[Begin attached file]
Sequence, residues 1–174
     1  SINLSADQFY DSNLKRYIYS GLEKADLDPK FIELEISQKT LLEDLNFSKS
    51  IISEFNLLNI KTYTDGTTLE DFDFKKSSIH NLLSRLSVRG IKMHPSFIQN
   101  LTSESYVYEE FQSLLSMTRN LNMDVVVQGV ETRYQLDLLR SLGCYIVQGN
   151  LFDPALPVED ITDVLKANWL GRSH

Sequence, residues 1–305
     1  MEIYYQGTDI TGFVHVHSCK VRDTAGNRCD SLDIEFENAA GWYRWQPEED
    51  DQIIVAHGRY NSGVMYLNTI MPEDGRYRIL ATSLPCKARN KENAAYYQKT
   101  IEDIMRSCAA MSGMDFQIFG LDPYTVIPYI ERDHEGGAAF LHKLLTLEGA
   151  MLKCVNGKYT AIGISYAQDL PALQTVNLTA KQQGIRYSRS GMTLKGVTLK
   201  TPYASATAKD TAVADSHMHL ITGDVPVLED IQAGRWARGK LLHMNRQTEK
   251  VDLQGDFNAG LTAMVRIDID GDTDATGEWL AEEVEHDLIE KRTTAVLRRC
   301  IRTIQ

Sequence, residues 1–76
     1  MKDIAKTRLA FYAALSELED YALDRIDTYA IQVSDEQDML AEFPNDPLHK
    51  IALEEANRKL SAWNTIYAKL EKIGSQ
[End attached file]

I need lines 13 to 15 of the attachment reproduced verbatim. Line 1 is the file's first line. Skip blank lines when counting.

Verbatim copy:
   301  IRTIQ

Sequence, residues 1–76
     1  MKDIAKTRLA FYAALSELED YALDRIDTYA IQVSDEQDML AEFPNDPLHK